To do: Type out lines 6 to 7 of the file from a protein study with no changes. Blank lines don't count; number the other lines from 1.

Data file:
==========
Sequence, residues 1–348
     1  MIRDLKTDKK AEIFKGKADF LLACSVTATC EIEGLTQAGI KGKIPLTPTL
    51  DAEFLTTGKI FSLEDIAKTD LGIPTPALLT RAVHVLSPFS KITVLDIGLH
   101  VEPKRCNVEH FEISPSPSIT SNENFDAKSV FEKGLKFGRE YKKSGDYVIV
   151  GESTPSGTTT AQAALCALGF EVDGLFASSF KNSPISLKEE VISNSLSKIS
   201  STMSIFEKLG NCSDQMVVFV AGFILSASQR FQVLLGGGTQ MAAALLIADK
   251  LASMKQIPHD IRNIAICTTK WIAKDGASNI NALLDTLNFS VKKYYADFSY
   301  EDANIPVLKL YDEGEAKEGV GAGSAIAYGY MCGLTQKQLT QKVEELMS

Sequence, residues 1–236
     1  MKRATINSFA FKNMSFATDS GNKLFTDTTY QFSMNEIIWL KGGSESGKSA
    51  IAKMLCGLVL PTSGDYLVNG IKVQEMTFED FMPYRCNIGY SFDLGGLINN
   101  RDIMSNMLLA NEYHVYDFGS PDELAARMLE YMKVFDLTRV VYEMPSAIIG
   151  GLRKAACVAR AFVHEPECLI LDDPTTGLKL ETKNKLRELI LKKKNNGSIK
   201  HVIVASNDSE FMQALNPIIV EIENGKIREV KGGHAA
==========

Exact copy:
   201  STMSIFEKLG NCSDQMVVFV AGFILSASQR FQVLLGGGTQ MAAALLIADK
   251  LASMKQIPHD IRNIAICTTK WIAKDGASNI NALLDTLNFS VKKYYADFSY